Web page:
The idea behind the platform engineering team is that they build development tools that multiple product engineering teams can use. It may be multiple teams or multiple different parts of the business. It’s also the platform team’s job to maintain these tools until they are decommissioned.
You don’t involve the platform team when you need a one-off custom tool.
Platform teams always have internal customers, which opens up the opportunity to get a better understanding of their needs. Product teams tend to work with external customers, so it takes extra effort to translate business goals and to figure out what they need to build. Translating a business idea or a user need into software can be difficult when your customers aren’t engineers themselves.
At Two Sigma, we are working primarily for internal customers. We work directly with our internal clients, understand their challenges, and build software to meet their needs.
On the other hand, Rent the Runway was building a product for a wide consumer audience. When you’re building for a large group, you don’t have a deep understanding of your customer, because you can’t get individualized feedback. It’s the job of product managers to figure out what users want, and to work with engineering to serve their needs.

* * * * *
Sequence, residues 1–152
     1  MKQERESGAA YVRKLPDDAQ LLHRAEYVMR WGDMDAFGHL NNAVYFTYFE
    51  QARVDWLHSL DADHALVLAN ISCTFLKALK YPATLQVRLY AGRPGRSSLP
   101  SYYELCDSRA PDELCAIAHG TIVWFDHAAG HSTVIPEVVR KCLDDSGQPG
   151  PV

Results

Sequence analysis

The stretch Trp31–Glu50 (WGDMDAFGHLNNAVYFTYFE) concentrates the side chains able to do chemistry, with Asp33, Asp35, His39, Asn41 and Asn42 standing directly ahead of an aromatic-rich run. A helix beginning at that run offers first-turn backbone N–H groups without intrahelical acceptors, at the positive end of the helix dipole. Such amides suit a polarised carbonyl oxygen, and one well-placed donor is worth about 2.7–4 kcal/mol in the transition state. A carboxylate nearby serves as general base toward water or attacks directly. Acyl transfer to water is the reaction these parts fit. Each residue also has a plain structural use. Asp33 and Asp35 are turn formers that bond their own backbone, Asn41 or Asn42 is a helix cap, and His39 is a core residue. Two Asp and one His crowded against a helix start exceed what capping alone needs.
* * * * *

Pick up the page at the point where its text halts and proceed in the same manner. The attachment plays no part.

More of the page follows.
Platform teams tend to build longer-running projects with a more operational focus. Platforms are meant to be long-running systems where the key values include the following:
Stability can be less important for product teams. Product developers often focus on building prototypes, where reliability isn’t mission-critical. In this case, it’s not about stability; it’s about working with product managers and quickly turning a spec into a working demo.
Platform teams have to look into the future to see how their product is going to be used, how it may evolve, and how a future transition can be managed. You can’t say to a thousand engineers that you’re going to shut down an old tool tomorrow and they have to migrate everything to the new tool by then.
Platform engineering teams have to be ahead of demands coming from the product teams. If you aren’t looking far enough into the future, you can’t react to their needs quickly enough, and they may end up building their own tools. That’s okay when only one team is going to use it, but scaling a platform product that was hacked together to serve one highly specific purpose can be a problem.